A couple of years ago, NOFX frontman Mike “Fat Mike” Burkett had an idea for a punk rock store that would also display rare genre artifacts that he’s collected over the years.
But the idea evolved and is now the 12,000-square-foot Punk Rock Museum, the first of its kind to exhaustively document the worldwide genre and most importantly, the first to welcome all punk bands of all sizes, not just the usual suspects.
Located in Las Vegas, the new landmark will be officially opening its doors on Jan. 13, 2023 when they will hold the grand opening, showing the world thousands of pieces and relics in its 12,000-square-foot space. The Museum’s collection includes a wide range of notable artifacts including Debbie Harry’s iconic Vultures shirt and Devo’s energy dome helmets, the acoustic guitar that Rise Against used to write some of their first songs and the bright green chainsaw Sum 41 used to kick off their shows during their crazy Does This Look Infected? era. The museum will also feature interactive exhibits, including one where you can play your favorite punk musician’s guitar.
The Punk Rock Museum’s criterion for acceptance is straightforward: “If you’re a punk band, you’re fucking in,” Fat Mike says. “It’s that simple.”
This museum is the result of the passionate, dedicated work from the museum’s “punk-rock collective,” 10 talented, like-minded musicians and industry professionals brought together by Fat Mike to plan and build this “Church of punk rock.” The Museum aspires to document punk’s stories and deep cultural impact over the past five decades. Some of the characters from these stories are also major investors for the museum, including Pat Smear, Brett Gurewitz, Kevin Lyman and Tony Hawk.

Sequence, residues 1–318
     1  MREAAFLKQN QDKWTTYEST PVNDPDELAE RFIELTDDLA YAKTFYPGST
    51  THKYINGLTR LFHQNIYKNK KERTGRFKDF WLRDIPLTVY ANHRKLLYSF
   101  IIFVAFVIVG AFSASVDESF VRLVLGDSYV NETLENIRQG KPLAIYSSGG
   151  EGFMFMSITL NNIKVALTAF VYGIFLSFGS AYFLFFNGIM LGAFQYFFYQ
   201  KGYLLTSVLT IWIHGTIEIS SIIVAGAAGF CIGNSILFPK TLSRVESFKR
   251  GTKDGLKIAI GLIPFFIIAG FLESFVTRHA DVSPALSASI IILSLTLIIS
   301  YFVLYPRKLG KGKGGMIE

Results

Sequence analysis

“This is a love letter to punk rock,” explains collective member Vinnie Fiorello, former drummer for Less Than Jake, and founder of record labels Fueled by Ramen and Paper + Plastick. “We want to show this common passion amongst so many different people for this form of music.”
Fellow collective comrade and Pennywise guitarist Fletcher Dragge says this museum is for those who have dedicated their lives to punk rock, and those who are still learning.
“It becomes the soundtrack of your life,” he says. “It’s such a dedicated fanbase and these people are in it for fucking life. When people get into punk rock, they really sink their teeth into it and don’t let go. We wanted to create a place for these people and for people who don’t know much about it.”
Fat Mike believes the museum will educate the mainstream about the often misunderstood, and too often dismissed, genre and community, while connecting musical dots of artists you hear on the radio every day.
“We want people to come from Indonesia and see the flier of their band on the wall,” he says, getting a little emotional. “You know how proud they would feel? I want anyone in a punk band around the world to have that opportunity.”
Presale tickets for the official opening are now available here.